NEW YORK (CBSNewYork) — The next time you’re invited to a wedding, check the invitation, because you may be asked to leave your phone at the door or be expected to help document the big day.
As CBS 2’s Alice Gainer reported Tuesday, to tech or not to tech is now another question couples are asking.
Newlywed Spring Smith McKenney said she wanted her wedding to be an intimate affair.
“I wanted it to be personal. I wanted it to be about my husband and I,” she said.
So she included the following message in her invitations:
“We respectfully ask that everyone consider leaving all cameras and cellphones off,” Smith McKenney said.
One expert said couples requesting, even requiring, that guests turn off their tech in their quest for an unplugged wedding is a way to calm the chaos associated with the big day.
“We have become a world that is so hyper-connected to everyone and everything, so an unplugged wedding allows you to sit and really listen and be a part of the festivities,” said Abby Larson of stylemepretty.com.
Saying “I don’t” to digital distractions, like texting, pictures and social media, is a growing trend, Larson said.
Anja Winikker from theknot.com adds getting guests to unplug can be as simple as adding a subtle sign.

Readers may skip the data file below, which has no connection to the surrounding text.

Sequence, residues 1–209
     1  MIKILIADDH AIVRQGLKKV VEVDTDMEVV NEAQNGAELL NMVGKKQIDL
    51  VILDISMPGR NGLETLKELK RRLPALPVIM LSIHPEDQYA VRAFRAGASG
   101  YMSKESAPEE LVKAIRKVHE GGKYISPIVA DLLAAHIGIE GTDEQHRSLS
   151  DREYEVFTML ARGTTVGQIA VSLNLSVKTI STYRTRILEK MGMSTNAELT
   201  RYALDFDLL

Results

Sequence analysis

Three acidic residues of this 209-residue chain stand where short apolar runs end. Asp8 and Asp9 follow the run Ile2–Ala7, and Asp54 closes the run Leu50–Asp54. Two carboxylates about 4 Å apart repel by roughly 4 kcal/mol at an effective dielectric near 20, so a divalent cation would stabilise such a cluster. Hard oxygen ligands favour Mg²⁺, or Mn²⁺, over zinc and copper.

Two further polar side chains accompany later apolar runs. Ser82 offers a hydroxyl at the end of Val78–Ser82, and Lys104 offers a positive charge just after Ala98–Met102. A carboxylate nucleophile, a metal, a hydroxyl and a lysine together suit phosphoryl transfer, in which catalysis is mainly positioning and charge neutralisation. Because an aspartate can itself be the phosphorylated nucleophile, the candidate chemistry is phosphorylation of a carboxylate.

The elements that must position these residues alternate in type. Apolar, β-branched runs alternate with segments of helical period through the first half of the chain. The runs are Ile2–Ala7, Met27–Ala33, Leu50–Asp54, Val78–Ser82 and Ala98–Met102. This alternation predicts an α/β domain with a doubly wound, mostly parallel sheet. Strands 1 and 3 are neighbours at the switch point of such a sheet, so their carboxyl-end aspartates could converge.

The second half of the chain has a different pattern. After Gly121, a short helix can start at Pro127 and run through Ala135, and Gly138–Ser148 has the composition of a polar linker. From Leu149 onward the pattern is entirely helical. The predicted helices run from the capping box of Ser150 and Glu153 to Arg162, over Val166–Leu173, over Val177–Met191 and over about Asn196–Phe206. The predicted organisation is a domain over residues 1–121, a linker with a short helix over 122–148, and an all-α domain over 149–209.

“If you’re gonna do it, you don’t have a bouncer at the door. You do elegantly,” Winikker said.
But she also said there are many brides and grooms who take a completely different approach to wedding tech.
“On the other end of the spectrum, a lot of couples are creating hashtags for their wedding,” Winikker said.
She said they encourage guests to post pictures on Twitter, Facebook and YouTube.
“We live in a sharing world. If everyone is excited to share pictures of their food on Instagram then why wouldn’t they want friends and family photos of their most important event?” Winikker said.
Some couples even live video stream the ceremony so that friend and family who can’t attend can catch the “I dos” as they happen via the Internet.
“I think it’s a really sweet idea. More and more couples are planning destination weddings and most of their guests are having to travel,” Winikker said.
Bride’s magazine publisher Michelle Meyers said the decision to say “I do” or “I don’t” to tech at a wedding always belongs to the couple.
“There isn’t a right and wrong when it comes to getting married. It’s all about having a fun and magical day that is special for you that will be a memory to last a lifetime,” Meyers said.
In the end, experts said it’s truly about what makes the bride happy. Most couples want nothing more than to have a wedding that is different, and unlike any other.
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